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Money in a jar for a college fund. Photo courtesy of Shutterstock.

Posted February 23, 2017 by

17 strategies that can help you graduate from college debt free

 

College is expensive. And student loan debt is on the rise. While many believe the only way to graduate from college debt free is by receiving an academic or athletic scholarship, there are actually several strategies one can implement to graduate from college debt free – or with much less debt than the average college student graduates with – which is just over $30,000.

It’s not easy and it could make the path to graduation more challenging, but it can be done. It starts by planning in advance and digging deep to find ways to accomplish this goal.

“The days of going to college without any real pre-planning or self-evaluation are over,” says Bob LaBombard, retired CEO of GradStaff, a company that helps college students and recent college grads identify where there skills fit in the job force  “It’s just too costly and risky.”

Consider these facts: More than half of college students change their major at least once. Further, recent data shows that only about 56 percent of students entering college graduate within six years; almost half drop out.

“Clearly, lack of a clear-cut plan often causes students to waste time, precious tuition dollars and, ultimately, interest in completing a degree,” says LaBombard.

There are many strategies that can help college students cover the high costs of obtaining a college degree, and if done correctly, graduating debt free. We highlight those strategies here:

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Four happy college graduates standing in a row. Photo courtesy of Shutterstock.

Posted December 27, 2016 by

10 strategies December college graduates should follow for job search success

 

As 2016 comes to a close many college students have now handed in their final paper, taken the last exam of their collegiate careers and entered the job market. But according to a study of 503 entry-level job seekers by national career matchmaking firm GradStaff, recent college grads seem largely unaware of career opportunities and unsure of how to apply their skills in the workforce.  So what strategies can December college grads put into action now to create results that land a job? Start by following these 10 strategies for success.

1. Develop a strong value proposition: Start by developing a strong value proposition and identifying those important soft and transferrable skills, says Bob LaBombard, CEO of GradStaff, a company that serves as a career matchmaker for recent college graduates, and companies that are looking to fill entry-level jobs.

“These soft skills – such as critical thinking, effective communication, time management and leadership – are in high demand among prospective employers,” says LaBombard. “Grads should consider how and where they’ve applied these skills during college, whether in classes or extracurricular activities, or in non-professional jobs, including restaurant and retail service positions.”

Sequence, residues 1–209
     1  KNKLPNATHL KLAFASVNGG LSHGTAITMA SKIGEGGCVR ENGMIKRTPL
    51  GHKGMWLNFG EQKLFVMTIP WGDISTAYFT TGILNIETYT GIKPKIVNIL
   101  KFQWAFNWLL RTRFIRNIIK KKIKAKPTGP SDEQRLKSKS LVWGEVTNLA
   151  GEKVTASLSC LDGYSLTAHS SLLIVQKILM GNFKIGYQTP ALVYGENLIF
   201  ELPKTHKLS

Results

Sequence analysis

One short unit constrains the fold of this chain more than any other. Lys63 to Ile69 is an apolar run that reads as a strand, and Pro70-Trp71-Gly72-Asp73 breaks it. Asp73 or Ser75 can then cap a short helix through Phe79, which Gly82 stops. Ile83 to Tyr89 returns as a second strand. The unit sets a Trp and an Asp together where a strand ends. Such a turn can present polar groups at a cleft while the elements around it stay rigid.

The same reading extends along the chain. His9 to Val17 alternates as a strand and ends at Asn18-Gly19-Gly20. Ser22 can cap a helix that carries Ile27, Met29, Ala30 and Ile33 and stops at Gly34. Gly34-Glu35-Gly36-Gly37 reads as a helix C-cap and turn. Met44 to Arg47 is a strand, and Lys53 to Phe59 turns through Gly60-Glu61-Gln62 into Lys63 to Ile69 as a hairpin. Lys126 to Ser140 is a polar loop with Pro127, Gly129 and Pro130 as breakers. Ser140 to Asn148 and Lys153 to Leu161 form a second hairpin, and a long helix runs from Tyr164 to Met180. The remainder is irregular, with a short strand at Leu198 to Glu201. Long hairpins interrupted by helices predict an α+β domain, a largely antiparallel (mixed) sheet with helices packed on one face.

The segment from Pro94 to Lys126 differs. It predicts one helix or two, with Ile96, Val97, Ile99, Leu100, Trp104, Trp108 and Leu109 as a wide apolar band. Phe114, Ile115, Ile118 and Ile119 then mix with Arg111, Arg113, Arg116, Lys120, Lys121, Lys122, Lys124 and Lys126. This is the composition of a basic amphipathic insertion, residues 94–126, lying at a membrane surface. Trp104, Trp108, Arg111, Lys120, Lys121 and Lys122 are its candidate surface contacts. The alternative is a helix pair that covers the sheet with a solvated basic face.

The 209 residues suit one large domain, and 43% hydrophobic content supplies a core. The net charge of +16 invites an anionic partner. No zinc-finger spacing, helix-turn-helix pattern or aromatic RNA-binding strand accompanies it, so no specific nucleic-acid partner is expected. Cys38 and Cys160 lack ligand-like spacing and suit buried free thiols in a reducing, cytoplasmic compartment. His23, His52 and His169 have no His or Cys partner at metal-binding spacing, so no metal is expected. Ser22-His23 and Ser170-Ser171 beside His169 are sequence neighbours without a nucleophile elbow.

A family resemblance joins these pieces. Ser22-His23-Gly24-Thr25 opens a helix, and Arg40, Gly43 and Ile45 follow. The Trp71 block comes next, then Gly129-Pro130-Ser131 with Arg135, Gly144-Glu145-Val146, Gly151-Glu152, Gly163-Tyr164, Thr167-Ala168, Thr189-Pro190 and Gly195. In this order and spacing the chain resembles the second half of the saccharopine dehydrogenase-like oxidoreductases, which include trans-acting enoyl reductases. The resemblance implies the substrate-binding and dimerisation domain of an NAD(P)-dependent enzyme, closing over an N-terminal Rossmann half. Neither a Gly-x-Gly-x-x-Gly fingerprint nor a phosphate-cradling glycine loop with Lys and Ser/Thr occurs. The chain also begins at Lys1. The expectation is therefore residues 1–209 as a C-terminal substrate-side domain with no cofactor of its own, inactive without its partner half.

2. Sell what you want to do next: Next, be prepared to talk about what it is you want to do now that you are graduated.  Everyone that you know, run into, or talk to, is going to congratulate you on graduating, then ask “what’s next?” or “what do you want to do now?” The “I’ll take anything” approach is not a good option, says Kathleen I. Powell, Associate Vice President for Career Development at The College of William & Mary, and President, National Association of Colleges and Employers (NACE). Case in point, if you tell someone you’ll take anything, it’s hard for that person to find “anything.”

But…

“If you tell someone you’re interested in arts management, accounting, psychology, now you’ve given that person an area to focus on and they can start thinking of contacts in their networks,” says Powell.

3. Casual conversations can lead to opportunities: Don’t blow off those casual conversations with friends, family members – that wacky uncle just may be well-connected in an industry where you want to work and be able to point you to a job opening, a mentor, or someone with whom you can set up an informational interview. Members of your church, social networks, parents of high school friends, relatives of your significant other, when they ask “what’s next” they are generally interested – so be prepared to effectively sell your excitement of what you want to do next. That’s the only way they can possibly help you, by knowing what you truly want to do.

4. Network, network, network: Because, it really is about networking. Recent ADP employment reports show the bulk of all new job growth – often as much as 70-80 percent in a given month – is driven by small and mid-sized businesses. “These companies often don’t have the resources to recruit on campus, and tend to rely on referrals from employees, clients, vendors and other partners to identify candidates,” says LaBombard. “As a result, personal networking is critical. All entry-level job seekers should seize opportunities to ask parents, teachers, friends, clergy and even former employers for connections in industries of interest, and they should continue engaging with professional associations, alumni groups and others for face-to-face networking opportunities.”

LaBombard offers these additional tips:

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